Reflections on Clinical Psychology and Spirituality

“It is only because of problems that we grow mentally and spiritually.” - Scott Peck

We gathered together to wrestle with the intersection of clinical psychology and spirituality. This blog post provides a compilation of words of wisdom that emerged from our conversations during Fall 2019. If a topic intrigues you, connect with us to expand the discussion.

Bias, Stereotypes, and Spirituality

“Social psychology theories describe trends in human behavior. These theories are constructed from empirical data, comparing large samples of participants. Typically, there is an environmental manipulation, means are established for the experimental and control group, and inferential statistics are used to determine whether there is a significant difference on a particular behavior or attitude. Theories that are well-established occur with a significant magnitude across many different cultures. Social psychology theories describe what humans do on average and by default within particular conditions. Although social psychology theories do not establish how any particular human will behave in a specific circumstance, the recorded trends (e.g., stereotypes and group dynamics) present ethical dilemmas for the human race.”

“One particular theory describes that a person often thinks themselves better compared to their neighbor, particularly when it comes to morality. It served as a reminder that we have to be cognizant of our bias towards ourselves and to approach each person in humility.”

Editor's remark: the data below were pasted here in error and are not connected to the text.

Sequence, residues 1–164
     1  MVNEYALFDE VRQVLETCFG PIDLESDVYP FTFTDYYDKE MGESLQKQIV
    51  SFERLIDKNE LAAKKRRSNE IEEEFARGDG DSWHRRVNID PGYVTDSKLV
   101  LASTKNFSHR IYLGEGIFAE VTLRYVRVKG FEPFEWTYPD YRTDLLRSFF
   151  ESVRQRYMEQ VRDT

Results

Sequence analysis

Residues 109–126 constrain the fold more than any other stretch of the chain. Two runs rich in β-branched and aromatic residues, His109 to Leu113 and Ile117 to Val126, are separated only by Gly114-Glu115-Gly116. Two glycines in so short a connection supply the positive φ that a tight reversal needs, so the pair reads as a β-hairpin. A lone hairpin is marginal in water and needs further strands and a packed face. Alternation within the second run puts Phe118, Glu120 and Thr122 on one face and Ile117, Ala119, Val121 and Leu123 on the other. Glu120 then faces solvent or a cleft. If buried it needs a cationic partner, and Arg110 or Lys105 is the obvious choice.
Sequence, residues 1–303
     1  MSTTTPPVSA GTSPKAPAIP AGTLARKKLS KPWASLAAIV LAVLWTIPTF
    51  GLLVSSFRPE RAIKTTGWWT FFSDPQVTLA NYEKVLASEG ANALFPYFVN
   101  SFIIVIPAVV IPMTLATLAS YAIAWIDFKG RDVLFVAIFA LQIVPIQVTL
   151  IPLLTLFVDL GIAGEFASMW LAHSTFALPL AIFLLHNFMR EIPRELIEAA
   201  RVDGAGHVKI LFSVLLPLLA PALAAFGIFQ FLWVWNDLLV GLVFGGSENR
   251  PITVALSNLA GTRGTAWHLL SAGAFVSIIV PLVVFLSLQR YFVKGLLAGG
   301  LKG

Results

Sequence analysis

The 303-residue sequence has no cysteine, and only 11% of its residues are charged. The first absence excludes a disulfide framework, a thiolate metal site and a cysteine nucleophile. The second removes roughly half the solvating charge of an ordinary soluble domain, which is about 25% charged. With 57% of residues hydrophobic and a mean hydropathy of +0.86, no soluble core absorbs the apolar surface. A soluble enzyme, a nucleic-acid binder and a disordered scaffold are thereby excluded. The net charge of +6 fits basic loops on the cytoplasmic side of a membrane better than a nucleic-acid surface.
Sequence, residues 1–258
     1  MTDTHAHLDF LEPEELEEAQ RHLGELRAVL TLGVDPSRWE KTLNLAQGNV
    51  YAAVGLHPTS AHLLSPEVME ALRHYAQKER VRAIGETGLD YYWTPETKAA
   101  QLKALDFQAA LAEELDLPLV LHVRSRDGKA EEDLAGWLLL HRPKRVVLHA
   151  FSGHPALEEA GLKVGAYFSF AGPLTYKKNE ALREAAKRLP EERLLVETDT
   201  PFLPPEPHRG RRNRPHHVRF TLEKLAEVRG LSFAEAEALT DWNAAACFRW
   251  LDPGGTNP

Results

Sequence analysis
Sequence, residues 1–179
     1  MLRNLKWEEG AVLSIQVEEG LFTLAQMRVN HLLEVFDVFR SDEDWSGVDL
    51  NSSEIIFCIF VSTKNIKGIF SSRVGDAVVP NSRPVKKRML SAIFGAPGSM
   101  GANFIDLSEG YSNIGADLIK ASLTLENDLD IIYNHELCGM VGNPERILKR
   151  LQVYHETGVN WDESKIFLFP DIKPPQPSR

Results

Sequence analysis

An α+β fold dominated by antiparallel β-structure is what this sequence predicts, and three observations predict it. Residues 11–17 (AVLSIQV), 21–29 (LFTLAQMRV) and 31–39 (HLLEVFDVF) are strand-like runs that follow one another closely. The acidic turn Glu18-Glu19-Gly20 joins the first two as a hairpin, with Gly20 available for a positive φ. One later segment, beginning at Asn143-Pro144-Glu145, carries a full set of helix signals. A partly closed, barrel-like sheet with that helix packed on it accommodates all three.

“Differentiating between ourselves and others can operate at a number of levels, and with varying degrees of ethical behavior. At the most basic level, humans identify with their own group in order to survive and form meaningful connections. This is not wrong in itself, but if our thought process ends here we are at risk of inaccurately stereotyping other groups (and thereby potentially making enemies of them or missing out on learning from them or even making them our allies) and/or not critically evaluating and observing our own group. Jesus’s behavior and instruction calls us to deep engagement with our neighbors, and his definition of neighbors is supernaturally wide! This call can convince us that we can’t engage with EVERYONE so we elect to engage with no one. Wrong choice. Or, we can collapse our personal boundaries and become like that horrible children’s book The Giving Tree where the tree is stripped down to nothing but a stump. Also, wrong choice. Lastly, we can live in the Spirit so that we are plugged into a deep source of Power that feeds us as we gently and humbly engage with others, especially those who are vastly different. Believing that God goes before us and is working in the lives of even our enemies can soften our hard boundaries and help us to be flexible in encountering strangers. The Spirit also gives us wisdom to name and reject truly dangerous things in our own group and in others.”